Plasmonic Metasurfaces for Enhanced Pyroelectric Photodetection
Access is limited until:
Thermal photodetectors are uniquely capable of sensing any incident wavelength and are only limited by the wavelength range of the integrated absorber, yet these detectors are commonly thought to be less sensitive and slower than their photoconductor (PC) or photovoltaic (PV) counterparts. As such, the use of thermal detectors for multispectral imaging has largely been ignored for spectral regions outside of the LWIR. However, recent theoretical and experimental developments have shown that thermal detectors with spectrally selective absorbers can outperform ideal PC and PV detectors in the MWIR and beyond. In this dissertation, thermal detectors integrated with spectrally selective, metasurface absorbers are theoretically and experimentally investigated. Large-area metasurface absorbers with resonances spanning from 340 to 2740 nm are developed that localize absorption and subsequent thermal generation in significantly subwavelength volumes. When integrated with a thermally sensitive pyroelectric film, the metasurface-pyroelectric detectors exhibit a sub-nanosecond response time with potential to match the response times of state-of-the-art, high-speed photodiodes. Overall, the spectrally selective thermal detectors developed here are a promising approach capable of disrupting the low cost, low form-factor spectral imaging market and providing an interesting platform to conduct research into photothermal generation and thermal diffusion at the nanoscale.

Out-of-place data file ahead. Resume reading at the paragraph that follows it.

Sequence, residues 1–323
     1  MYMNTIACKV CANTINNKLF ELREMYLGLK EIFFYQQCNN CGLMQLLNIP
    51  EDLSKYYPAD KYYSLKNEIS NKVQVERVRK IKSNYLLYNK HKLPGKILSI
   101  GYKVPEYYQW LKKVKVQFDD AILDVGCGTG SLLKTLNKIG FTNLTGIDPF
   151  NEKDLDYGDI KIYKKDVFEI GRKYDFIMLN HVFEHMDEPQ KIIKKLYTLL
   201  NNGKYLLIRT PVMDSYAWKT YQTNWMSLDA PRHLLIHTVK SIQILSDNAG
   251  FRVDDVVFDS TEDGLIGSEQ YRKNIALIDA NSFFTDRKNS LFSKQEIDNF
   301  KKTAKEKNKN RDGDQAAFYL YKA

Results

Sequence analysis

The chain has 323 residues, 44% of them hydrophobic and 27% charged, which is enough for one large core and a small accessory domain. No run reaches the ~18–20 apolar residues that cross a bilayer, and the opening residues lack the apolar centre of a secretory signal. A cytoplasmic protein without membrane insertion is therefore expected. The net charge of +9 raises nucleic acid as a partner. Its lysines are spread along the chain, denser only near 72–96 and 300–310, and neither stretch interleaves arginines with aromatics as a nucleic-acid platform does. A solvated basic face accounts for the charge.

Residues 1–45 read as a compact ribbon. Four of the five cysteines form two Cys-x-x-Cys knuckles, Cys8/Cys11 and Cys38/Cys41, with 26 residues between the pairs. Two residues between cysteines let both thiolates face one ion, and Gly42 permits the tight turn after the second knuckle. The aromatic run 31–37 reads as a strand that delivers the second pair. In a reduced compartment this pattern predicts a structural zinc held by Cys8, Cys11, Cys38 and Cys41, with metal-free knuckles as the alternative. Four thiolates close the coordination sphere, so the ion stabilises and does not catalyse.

This work is licensed under a Creative Commons Attribution-Noncommercial-No Derivative Works 3.0 United States License.
Rights for Collection: Duke Dissertations